UK licensing and security
The world-renowned Financial Conduct Authority (FCA) is the UK’s licensing and regulatory body for all things financial, including stockbrokers. It was established in 2013 following the Financial Services Act (2012) and replaced the now-defunct Financial Services Authority (FSA).
The FCA has a robust regulatory framework and works towards these operational objectives:
- To secure an appropriate degree of protection for consumers
- To enhance market integrity and protect the UK financial system
- To promote competition in the interests of consumers
There are many excellent UK-regulated stockbrokers to choose from and for the average trader, really no good reason to look beyond them.
Stockbrokers all work differently and the ways they charge clients can be very different as well. As you have already seen, there are a variety of account options available, varying from self-service to full service. Let’s take a look at the fees on hand when trading online.
Trading stocks fees and costs
Regardless of the description the broker uses, it is a business after all, which must cover its costs and show a profit, so there will always be fees of some sort to pay. A commission-free brokerage will still charge you for certain services, including administration, currency exchange, deposit/withdrawal and software subscriptions.
As we explained earlier a full-service broker charges an all-inclusive fee, calculated as a percentage of your total portfolio value which usually equates to about 10%, payable monthly or quarterly. The middle, advisory option varies in terms of cost to maintain and may just be something you are offered free of charge as an added incentive if your portfolio is suitable.
In the UK, there are two taxes applicable to stock trading, Capital Gains Tax and Income Tax, which are both administered by HMRC (Her Majesty’s Revenue and Customs. Your liability will depend on whether you are classed as an ‘investor’ or a ‘trader’, based on any profit you make over and above the tax-free threshold. Tax for stock traders is a complex subject in the UK and we recommend that you keep accurate accounts related to all trading activities and consult an accountant if you have any doubts.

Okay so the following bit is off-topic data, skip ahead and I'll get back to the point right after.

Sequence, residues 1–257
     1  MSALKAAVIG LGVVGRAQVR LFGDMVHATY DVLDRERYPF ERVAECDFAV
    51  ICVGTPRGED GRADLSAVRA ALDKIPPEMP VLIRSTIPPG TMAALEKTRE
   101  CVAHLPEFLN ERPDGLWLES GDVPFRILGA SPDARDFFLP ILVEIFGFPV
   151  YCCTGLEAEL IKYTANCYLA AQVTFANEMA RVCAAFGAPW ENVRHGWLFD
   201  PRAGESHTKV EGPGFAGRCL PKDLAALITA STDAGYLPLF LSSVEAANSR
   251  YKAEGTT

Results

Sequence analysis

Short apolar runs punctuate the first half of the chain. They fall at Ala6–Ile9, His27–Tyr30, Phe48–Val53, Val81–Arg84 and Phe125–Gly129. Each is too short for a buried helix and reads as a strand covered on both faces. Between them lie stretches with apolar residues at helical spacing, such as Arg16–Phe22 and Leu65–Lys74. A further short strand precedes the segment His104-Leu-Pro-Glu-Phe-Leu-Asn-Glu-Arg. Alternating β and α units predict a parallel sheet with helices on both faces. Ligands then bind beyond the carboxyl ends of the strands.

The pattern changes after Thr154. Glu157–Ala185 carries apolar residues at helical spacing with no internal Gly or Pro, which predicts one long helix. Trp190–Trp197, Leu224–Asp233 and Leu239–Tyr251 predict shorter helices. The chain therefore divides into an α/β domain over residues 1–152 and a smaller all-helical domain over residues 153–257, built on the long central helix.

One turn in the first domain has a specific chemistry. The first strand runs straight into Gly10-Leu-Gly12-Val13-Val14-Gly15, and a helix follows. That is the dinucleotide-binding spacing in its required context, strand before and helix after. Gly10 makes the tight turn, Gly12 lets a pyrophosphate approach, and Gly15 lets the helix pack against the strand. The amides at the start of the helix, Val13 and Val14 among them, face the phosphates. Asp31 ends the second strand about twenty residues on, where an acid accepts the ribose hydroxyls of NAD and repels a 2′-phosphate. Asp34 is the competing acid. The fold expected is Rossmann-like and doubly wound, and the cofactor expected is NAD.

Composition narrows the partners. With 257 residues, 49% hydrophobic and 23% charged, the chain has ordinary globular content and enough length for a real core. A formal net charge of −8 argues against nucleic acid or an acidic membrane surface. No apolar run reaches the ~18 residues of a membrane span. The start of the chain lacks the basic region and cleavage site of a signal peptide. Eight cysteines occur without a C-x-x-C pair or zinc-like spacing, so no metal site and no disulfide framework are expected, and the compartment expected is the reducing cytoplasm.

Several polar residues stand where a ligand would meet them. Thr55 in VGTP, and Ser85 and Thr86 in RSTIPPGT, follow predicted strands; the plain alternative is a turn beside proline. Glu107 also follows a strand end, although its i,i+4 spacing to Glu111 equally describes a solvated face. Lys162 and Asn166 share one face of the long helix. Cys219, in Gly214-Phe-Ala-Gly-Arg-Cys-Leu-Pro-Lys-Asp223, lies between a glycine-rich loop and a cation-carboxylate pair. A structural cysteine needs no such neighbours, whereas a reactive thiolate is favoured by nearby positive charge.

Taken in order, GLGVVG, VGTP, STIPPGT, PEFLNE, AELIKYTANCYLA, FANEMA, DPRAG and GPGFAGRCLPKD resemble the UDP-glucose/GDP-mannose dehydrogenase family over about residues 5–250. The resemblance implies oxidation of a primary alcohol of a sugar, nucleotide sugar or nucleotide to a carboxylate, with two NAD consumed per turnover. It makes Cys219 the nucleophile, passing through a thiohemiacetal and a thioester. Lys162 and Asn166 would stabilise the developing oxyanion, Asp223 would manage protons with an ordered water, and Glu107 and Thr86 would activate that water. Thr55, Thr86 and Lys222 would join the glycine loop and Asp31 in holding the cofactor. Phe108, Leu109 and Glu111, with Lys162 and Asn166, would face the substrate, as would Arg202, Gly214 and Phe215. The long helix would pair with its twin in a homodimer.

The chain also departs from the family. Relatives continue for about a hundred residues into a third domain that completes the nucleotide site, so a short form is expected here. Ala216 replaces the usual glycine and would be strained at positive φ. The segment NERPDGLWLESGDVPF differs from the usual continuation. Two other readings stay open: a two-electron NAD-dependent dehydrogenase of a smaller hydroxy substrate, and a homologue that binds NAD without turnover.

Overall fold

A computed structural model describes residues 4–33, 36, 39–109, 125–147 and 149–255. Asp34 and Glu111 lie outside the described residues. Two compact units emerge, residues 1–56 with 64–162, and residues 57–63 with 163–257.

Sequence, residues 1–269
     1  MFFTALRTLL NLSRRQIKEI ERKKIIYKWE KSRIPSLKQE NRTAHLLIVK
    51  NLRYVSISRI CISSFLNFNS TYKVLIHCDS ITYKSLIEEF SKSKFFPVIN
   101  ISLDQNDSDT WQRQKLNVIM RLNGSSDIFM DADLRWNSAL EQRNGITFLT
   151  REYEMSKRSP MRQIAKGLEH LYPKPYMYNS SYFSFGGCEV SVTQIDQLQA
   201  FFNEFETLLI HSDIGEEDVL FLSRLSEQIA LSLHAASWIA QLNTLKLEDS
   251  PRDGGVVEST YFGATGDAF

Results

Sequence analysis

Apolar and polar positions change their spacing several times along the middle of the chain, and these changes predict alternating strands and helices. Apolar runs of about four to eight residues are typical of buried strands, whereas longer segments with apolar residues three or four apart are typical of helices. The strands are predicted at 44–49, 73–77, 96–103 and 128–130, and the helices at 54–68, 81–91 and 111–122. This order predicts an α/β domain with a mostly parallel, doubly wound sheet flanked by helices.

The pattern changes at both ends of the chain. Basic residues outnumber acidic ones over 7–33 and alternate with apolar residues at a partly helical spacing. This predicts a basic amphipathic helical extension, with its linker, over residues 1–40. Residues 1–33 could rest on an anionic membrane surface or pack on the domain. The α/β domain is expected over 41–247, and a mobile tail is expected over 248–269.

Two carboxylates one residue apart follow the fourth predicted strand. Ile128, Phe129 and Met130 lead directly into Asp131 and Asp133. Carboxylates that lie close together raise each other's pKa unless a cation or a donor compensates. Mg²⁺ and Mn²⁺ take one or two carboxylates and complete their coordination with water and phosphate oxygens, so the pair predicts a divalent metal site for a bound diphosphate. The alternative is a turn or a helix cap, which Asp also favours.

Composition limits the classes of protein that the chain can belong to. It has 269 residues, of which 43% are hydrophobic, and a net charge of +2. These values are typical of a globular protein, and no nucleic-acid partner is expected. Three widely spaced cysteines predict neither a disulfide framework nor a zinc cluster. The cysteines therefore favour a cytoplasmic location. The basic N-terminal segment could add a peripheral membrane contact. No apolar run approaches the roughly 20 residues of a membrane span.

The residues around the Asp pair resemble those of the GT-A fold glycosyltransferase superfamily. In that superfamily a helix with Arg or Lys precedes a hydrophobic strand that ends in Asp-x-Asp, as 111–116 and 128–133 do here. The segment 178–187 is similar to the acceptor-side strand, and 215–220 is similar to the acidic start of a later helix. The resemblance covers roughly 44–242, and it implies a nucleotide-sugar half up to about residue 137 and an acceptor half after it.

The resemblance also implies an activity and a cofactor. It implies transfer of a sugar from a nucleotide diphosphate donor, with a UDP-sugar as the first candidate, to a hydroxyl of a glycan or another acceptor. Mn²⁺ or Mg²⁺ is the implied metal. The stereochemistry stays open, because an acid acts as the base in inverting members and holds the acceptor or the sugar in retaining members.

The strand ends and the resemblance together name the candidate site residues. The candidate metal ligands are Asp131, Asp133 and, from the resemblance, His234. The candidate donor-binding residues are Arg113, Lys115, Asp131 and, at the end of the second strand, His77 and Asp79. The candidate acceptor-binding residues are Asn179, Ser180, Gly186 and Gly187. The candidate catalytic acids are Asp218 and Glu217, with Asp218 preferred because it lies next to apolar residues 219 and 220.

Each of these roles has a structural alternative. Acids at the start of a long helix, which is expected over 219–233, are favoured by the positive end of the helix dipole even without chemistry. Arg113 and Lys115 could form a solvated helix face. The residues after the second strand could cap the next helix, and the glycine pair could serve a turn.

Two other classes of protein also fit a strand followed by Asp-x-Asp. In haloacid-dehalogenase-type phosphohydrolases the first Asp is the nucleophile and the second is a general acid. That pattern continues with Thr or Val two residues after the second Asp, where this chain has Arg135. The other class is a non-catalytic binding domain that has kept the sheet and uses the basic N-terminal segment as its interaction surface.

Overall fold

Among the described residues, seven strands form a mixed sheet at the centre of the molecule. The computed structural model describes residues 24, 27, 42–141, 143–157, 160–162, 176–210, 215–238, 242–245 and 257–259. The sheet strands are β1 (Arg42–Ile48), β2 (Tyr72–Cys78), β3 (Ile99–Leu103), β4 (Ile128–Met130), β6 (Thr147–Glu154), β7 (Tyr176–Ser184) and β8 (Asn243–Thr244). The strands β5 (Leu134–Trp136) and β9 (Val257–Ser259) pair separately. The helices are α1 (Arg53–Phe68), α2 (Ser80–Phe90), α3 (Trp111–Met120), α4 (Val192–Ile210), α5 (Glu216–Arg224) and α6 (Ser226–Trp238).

Finding the right stockbroker
It is entirely understandable that more experienced traders might opt for an offshore brokerage, due to the potential for tax savings. But the onus really is on the word experienced here. Before you start counting the extra profit, please be aware that some overseas licensing authorities offer little protection for investors under their jurisdiction.
Otherwise, UK stockbrokers come in a variety of shapes and sizes, offering various share purchasing opportunities and several different types of account. All you need to do is to find the one that is closest matched to your needs and of course, your budgetary constraints.
It’s important that you find an online broker that caters to all your trading needs. There’s no need to settle for a sub-par broker that does not provide the services you are after. As such, we’ve tailored a platform that caters to a range of different traders. Finding a top-notch platform should not be a hassle!